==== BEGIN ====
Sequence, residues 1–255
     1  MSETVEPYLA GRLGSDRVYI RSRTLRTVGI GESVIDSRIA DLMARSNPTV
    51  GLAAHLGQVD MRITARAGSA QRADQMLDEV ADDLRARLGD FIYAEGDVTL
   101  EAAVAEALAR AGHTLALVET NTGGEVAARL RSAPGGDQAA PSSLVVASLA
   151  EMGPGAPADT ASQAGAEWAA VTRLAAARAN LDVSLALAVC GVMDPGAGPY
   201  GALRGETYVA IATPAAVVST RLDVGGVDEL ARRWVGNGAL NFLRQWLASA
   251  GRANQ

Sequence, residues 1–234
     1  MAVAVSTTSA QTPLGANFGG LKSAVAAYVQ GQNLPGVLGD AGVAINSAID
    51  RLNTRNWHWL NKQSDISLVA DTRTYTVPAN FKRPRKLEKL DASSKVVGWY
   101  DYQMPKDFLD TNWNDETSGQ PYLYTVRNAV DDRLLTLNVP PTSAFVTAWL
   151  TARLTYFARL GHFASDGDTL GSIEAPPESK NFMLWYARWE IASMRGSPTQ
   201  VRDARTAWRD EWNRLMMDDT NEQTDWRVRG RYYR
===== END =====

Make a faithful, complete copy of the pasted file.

Sequence, residues 1–255
     1  MSETVEPYLA GRLGSDRVYI RSRTLRTVGI GESVIDSRIA DLMARSNPTV
    51  GLAAHLGQVD MRITARAGSA QRADQMLDEV ADDLRARLGD FIYAEGDVTL
   101  EAAVAEALAR AGHTLALVET NTGGEVAARL RSAPGGDQAA PSSLVVASLA
   151  EMGPGAPADT ASQAGAEWAA VTRLAAARAN LDVSLALAVC GVMDPGAGPY
   201  GALRGETYVA IATPAAVVST RLDVGGVDEL ARRWVGNGAL NFLRQWLASA
   251  GRANQ

Sequence, residues 1–234
     1  MAVAVSTTSA QTPLGANFGG LKSAVAAYVQ GQNLPGVLGD AGVAINSAID
    51  RLNTRNWHWL NKQSDISLVA DTRTYTVPAN FKRPRKLEKL DASSKVVGWY
   101  DYQMPKDFLD TNWNDETSGQ PYLYTVRNAV DDRLLTLNVP PTSAFVTAWL
   151  TARLTYFARL GHFASDGDTL GSIEAPPESK NFMLWYARWE IASMRGSPTQ
   201  VRDARTAWRD EWNRLMMDDT NEQTDWRVRG RYYR